As for weed control, the Terry’s have had problems with beggarweed, but Valor has been effective, he says. “We apply it immediately after planting.

“As a follow-up, we apply 2,4-DB four to six weeks after planting and Cadre for nutgrass. Then, we use Classic if needed. We also incorporate Sonalan prior to planting.”

In assessing the Terrys’ keys to efficiency, James says it all starts with the bahia grass rotation. “That’s what makes the entire peanut production system work,” he says.

The family’s peanuts are sold to Lance, and they have a contract for this year’s crop of $750 per ton.

Low overhead, says James, also helps to maintain efficiency and profitability. “Our newest tractor is 12 years old, and the oldest one is 40 years old,” he says. “Both of our pickers are second-hand, but we try to keep them in good condition.”

Labor costs on the farm are also minimal, he adds. “I have a son who helps during harvest, but other than that, it’s the three of us as far as labor.”

“We do what we can do, and what we can’t do, we wait until the next day,” says Ross.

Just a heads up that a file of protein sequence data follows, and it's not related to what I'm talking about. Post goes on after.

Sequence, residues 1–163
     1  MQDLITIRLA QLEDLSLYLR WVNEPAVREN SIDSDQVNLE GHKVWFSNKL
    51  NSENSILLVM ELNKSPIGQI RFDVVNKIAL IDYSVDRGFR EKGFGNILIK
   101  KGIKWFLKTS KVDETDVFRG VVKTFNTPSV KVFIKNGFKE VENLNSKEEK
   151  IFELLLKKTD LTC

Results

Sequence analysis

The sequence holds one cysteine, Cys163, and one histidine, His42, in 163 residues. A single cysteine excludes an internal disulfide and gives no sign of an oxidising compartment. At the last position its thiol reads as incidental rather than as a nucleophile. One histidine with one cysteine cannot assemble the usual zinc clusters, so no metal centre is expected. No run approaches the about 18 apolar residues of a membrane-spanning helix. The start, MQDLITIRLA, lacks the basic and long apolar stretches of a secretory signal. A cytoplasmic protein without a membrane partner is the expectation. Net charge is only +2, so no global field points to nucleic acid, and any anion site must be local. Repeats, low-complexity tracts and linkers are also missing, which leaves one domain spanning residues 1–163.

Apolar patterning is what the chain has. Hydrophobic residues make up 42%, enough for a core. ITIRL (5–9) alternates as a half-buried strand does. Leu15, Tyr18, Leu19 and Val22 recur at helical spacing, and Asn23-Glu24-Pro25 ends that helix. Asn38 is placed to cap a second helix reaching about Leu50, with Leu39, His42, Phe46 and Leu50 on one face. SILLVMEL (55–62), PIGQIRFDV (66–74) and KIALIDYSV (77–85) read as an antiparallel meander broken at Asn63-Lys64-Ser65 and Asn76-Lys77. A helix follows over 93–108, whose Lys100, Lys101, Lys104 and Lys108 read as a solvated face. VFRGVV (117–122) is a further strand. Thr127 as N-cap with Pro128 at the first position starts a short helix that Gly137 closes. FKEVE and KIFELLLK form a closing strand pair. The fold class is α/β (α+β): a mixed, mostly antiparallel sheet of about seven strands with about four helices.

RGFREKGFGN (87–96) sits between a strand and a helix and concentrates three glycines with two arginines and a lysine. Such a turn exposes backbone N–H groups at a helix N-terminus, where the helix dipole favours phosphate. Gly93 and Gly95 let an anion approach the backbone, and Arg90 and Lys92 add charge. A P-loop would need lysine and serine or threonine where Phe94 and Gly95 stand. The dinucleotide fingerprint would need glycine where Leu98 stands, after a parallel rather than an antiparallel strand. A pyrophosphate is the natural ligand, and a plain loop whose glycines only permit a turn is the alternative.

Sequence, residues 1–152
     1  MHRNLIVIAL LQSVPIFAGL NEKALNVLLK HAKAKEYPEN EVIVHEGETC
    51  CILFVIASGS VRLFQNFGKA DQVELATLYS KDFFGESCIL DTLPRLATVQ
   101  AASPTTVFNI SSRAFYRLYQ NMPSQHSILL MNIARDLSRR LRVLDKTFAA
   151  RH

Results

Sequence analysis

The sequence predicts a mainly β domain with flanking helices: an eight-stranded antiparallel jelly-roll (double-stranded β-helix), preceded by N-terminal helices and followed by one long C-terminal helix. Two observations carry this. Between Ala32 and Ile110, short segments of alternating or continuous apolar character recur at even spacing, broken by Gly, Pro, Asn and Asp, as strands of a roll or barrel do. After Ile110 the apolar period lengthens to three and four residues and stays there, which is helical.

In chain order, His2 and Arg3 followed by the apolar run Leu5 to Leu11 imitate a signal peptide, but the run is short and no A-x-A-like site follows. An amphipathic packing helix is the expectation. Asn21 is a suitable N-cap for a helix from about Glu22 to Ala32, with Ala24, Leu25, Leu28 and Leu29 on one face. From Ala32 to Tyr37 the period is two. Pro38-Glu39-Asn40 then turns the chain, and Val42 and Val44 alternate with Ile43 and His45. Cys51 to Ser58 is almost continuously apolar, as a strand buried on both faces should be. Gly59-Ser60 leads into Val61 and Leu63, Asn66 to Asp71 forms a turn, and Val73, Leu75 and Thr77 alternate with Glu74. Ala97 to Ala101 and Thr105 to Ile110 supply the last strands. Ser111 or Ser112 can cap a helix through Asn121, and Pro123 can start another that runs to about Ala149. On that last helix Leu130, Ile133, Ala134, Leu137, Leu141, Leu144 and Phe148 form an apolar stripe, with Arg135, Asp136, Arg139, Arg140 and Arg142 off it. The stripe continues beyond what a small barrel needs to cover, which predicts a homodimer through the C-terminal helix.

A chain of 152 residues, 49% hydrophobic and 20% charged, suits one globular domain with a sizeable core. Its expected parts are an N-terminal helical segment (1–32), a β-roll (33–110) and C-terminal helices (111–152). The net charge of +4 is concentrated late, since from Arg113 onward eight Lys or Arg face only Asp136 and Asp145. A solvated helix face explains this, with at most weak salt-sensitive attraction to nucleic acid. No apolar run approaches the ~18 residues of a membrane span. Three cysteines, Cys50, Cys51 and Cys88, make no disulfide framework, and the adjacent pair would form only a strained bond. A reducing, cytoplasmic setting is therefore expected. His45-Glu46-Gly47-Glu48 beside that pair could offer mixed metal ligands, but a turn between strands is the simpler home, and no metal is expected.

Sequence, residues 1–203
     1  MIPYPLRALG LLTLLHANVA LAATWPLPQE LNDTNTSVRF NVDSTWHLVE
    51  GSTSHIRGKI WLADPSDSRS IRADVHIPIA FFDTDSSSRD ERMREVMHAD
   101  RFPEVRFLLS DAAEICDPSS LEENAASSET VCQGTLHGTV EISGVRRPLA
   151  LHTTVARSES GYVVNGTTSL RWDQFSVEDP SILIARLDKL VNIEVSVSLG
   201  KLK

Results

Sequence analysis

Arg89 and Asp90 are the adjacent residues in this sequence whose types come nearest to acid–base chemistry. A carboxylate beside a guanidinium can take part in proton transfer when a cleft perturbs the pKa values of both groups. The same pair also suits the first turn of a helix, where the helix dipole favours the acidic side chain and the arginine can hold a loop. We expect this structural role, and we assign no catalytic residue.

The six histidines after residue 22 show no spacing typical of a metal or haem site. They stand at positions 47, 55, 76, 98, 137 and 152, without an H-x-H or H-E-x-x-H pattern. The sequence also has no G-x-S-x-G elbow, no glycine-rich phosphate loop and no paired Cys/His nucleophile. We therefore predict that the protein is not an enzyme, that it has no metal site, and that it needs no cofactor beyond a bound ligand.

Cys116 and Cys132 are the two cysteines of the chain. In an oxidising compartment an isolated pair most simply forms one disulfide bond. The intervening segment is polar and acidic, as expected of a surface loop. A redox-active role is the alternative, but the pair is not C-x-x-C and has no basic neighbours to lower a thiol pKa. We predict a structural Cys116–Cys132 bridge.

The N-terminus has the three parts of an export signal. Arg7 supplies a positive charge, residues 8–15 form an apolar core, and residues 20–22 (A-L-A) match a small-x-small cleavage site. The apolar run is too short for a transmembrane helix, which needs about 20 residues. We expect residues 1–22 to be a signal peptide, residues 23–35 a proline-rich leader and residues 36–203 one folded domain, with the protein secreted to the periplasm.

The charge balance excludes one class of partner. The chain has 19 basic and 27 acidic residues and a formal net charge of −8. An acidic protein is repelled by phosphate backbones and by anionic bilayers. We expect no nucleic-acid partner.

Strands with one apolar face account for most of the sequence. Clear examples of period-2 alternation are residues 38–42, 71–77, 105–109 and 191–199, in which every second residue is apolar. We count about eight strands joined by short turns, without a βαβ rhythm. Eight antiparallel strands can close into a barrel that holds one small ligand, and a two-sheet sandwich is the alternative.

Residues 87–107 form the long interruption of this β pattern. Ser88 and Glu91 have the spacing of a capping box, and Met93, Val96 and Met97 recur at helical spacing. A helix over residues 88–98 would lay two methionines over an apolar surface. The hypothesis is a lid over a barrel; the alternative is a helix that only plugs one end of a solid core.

Timeliness is essential on the farm, he says. “Peanuts are our basic crop, so we spend more time on them. We don’t try and get too big, since there are only three of us.”

Retired Extension Agent Thomas says the Terry’s are an asset to the entire agricultural community. “They not only do the work, but they’re more than willing to share what they do. They are open to having people on their farm and sharing their information.”

One way of sharing this information is by hosting the popular Peanut Twilight Tour, set for this year on Thursday, Aug. 16, at I.C. Terry Farms, beginning at 5:30 p.m.

All area peanut growers are invited to the tour, which includes discussions on a wide variety of subjects, and a field tour that includes stops on varieties, pest management options, and updates from University of Florida and University of Georgia peanut specialists.

For more information on the tour, call the Columbia County Extension Office at 386-752-5384.